Evaluating Management of Lionfish on the West Florida Shelf. Mike Allen, University of Florida. This project will implement a two-week hands-on training with stakeholders to demonstrate the use of a new modelling technique designed using the EcoPath with EcoSym platform to determine the most effective strategies for managing invasive lionfish on the West Florida Shelf. PD-14-19

Investigating Horizontal and Vertical Movement Behavior of the Shortfin Mako Shark (Isurus oxyrinchus) in the Western North Atlantic, Gulf of Mexico and Caribbean. Mahmood Shivjy, The Guy Harvey Research Institute. This project aims to improve understanding of mako shark habitat use and migratory patterns, both in horizontal and vertical spatial dimensions by deploying additional satellite tags on mako sharks captured in various locations. The results of the project will show whether sea surface temperature and other environmental factors are likely drivers of mako migrations. Additionally, the project will determine if mako sharks in the Gulf of Mexico and Caribbean form independent populations from mako sharks in the Atlantic ocean. R-LR-B-73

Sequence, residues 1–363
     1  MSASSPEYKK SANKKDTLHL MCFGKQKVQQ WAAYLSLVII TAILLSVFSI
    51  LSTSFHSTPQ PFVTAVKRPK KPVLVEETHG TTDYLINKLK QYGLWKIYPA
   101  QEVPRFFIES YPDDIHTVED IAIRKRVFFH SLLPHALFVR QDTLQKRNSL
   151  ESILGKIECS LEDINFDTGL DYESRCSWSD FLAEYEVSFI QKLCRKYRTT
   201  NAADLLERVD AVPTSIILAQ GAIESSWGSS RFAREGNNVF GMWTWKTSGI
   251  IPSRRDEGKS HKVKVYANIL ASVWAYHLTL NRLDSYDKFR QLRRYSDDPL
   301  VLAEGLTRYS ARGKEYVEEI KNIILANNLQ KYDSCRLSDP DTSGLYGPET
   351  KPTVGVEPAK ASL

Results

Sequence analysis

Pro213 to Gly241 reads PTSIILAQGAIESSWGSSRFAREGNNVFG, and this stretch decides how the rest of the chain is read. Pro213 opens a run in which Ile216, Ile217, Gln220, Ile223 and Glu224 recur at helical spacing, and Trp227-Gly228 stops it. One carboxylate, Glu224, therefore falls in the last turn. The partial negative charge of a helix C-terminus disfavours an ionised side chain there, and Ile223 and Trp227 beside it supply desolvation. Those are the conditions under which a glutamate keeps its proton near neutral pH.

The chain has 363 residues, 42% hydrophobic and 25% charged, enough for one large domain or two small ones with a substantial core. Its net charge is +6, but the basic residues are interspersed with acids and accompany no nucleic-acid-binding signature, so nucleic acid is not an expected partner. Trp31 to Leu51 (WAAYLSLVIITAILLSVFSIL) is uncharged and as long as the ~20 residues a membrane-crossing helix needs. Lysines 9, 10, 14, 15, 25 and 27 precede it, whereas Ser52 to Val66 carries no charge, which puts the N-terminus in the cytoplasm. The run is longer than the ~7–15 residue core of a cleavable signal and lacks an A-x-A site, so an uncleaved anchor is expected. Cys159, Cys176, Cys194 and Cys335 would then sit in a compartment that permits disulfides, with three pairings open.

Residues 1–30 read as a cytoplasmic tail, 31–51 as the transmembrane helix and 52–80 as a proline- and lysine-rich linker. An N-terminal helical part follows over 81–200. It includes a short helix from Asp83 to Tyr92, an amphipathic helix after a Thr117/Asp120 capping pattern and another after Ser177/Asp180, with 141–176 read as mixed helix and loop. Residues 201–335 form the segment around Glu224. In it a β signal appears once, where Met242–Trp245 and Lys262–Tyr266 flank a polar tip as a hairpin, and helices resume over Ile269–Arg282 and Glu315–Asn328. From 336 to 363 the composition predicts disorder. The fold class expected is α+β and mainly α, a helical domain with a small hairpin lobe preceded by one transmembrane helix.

Restoration Research in Apalachicola Bay: Oyster Substrate and Density Sampling. Andrew Kane, University of Florida. This project addresses several important issues paramount to optimizing sustainable restoration efforts in Apalachicola Bay. Specifically, this project will identify historically-productive oyster reefs that could most benefit from focused restoration efforts and develop oyster density and size distribution measurement tools that can better facilitate management efforts to monitor restoration outcomes and oyster productivity. R-LR-B-72

Developing a size-structured stock assessment model for the spiny lobster, Panulirus argus,in the southeast United States. Yuying Zhang, Florida International University. This project is designed to develop a new size-structured model to better quantify the dynamics of the spiny lobster stock in the southeast United States and better assess its status. Various drivers will be evaluated to determine the growth patterns, including physiological constraints and environmental factors. R-LR-B-69

South Florida/Bahimian Ecoregion Policy Support and Exchange. Tom Ankersen, University of Florida. Because South Florida and the Bahamas lie within the same marine ecoregion, this project will develop and deepen institutional relationships between marine and coastal managers, lawyers and policymakers and marine extension professionals in South Florida and the Bahamas. The outcome of these relationships will help address issues of mutual concern in the shared waters, such as fisheries management and enhancement, vessel grounding and the planning of marine managed areas. PD-14-10